Krukow also noted that Webb had to battle a tight strike zone in his first taste of the big leagues. The rookie only showed one instance where it affected him -- that harrowing first inning -- but didn't let it snowball. 

Webb struck out seven batters and didn't give up another run after the first inning, earning the win in his first major league start. The Giants have shuffled through multiple young pitchers this season, but none have impressed Krukow like Webb did. 

"I thought that this guy showed better than Beede has in his last four or five starts. I thought he showed better than Menez showed in his starts," Krukow said. "I didn’t think that this guy let the situation get out of hand, and again this was his first big league start.”

The Giants designated Travis Bergen for assignment Sunday, keeping Webb on the big league roster. His next start should come sometime this week against the A's with the Bay Bridge Series moving to Oakland. 

[RELATED: 'Tough mentality' early helps Webb earn win in MLB debut]

"I really can't wait for it," Krukow said on Webb's next start. "I think he's that type of guy. He's got a football background. He was a quarterback. And he has that mentality where he just charges. And I love the fact that he handled the adrenaline." 

Webb, who actually grew up an A's fan in Rocklin, will feel plenty of adrenaline in his next start as well. If Sunday was any indication, however, he knows exactly how to find his groove.

When will Giants call up red-hot Triple-A power prospect Jaylin Davis?

When will Giants call up red-hot Triple-A power prospect Jaylin Davis?

SAN FRANCISCO -- There's never a bad time to hit five homers in two games, but Jaylin Davis might wish he had been around the Giants organization in April or May. A tear like that would get any player a look back then, and Mike Gerber and Mac Williamson were among the outfielders who got a call to the big leagues after getting hot in Triple-A.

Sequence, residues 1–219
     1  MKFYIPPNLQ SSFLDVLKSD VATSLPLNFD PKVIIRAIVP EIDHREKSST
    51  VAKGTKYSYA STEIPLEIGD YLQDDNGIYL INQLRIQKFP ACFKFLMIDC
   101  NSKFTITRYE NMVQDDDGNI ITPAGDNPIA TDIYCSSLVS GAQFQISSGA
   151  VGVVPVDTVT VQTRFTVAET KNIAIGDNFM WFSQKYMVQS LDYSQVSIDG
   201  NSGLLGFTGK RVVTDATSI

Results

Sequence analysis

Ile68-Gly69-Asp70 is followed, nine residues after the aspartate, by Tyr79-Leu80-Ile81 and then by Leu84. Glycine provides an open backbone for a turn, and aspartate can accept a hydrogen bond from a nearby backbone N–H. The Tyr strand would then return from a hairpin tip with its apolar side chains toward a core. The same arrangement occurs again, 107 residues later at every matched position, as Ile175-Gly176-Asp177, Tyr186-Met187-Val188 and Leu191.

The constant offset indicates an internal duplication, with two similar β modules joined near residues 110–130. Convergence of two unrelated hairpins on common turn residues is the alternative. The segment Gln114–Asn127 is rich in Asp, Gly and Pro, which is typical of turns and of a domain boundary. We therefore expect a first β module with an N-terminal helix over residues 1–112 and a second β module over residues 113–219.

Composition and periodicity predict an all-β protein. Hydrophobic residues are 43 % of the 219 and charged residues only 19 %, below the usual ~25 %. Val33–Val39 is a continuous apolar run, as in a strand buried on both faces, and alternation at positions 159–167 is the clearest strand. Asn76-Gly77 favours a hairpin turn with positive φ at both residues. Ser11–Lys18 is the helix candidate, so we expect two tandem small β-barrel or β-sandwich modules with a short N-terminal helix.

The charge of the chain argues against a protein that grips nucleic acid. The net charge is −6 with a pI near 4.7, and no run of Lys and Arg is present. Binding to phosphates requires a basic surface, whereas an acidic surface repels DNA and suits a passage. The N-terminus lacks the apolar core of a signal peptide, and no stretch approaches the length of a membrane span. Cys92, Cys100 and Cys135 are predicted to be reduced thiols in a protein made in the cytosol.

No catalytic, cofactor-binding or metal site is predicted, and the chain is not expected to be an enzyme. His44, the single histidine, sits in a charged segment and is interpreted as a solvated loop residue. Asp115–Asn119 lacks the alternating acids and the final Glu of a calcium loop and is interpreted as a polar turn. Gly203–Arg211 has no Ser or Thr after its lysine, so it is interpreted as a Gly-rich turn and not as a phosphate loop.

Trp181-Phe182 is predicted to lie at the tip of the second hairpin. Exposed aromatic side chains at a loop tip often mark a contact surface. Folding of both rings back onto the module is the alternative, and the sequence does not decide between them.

But the Giants are in a much different place a few months later, with no vacancy in the outfield. Kevin Pillar starts every day, Mike Yastrzemski is the new leadoff hitter, Alex Dickerson hits in the middle of the order when his health allows it and Austin Slater has done a good job filling in the gaps. 

That has left little space for a new outfielder, although Davis' absurd numbers since coming over at the trade deadline have certainly opened eyes. 

"We definitely see what Davis is going," Giants manager Bruce Bochy said Sunday. "It's exciting seeing how he's playing and how he's driving the ball, but the guys (here) are doing a pretty good job right now."

Under Farhan Zaidi, the Giants have made decisions and roster moves quickly. But there were no plans as of Sunday for Davis to get added to the big league roster anytime soon, even though a 40-man spot opened up when Travis Bergen was designated for assignment. 

The Giants feel like they're just fine in the outfield and need the depth in their bullpen and infield for now. But if Davis keeps hitting like this, he'll get his promotion soon enough. 

[RELATED: Giants can finally end dreaded 20-homer drought this year]

The 25-year-old, picked up from the Twins in the Sam Dyson trade, homered six times in three games in Reno, which is admittedly a launching pad for Triple-A hitters. He's batting .404 in 14 games for the River Cats with a .500 on-base percentage, eight homers and five doubles. In 113 games for three different affiliates this season, Davis has 33 homers. 

A few more homers, or a change in thinking regarding the big league roster, could get him his shot. But for now Davis looks like more of a September addition. The Giants are preparing to add a significant number of players to the clubhouse when rosters expand in 13 days.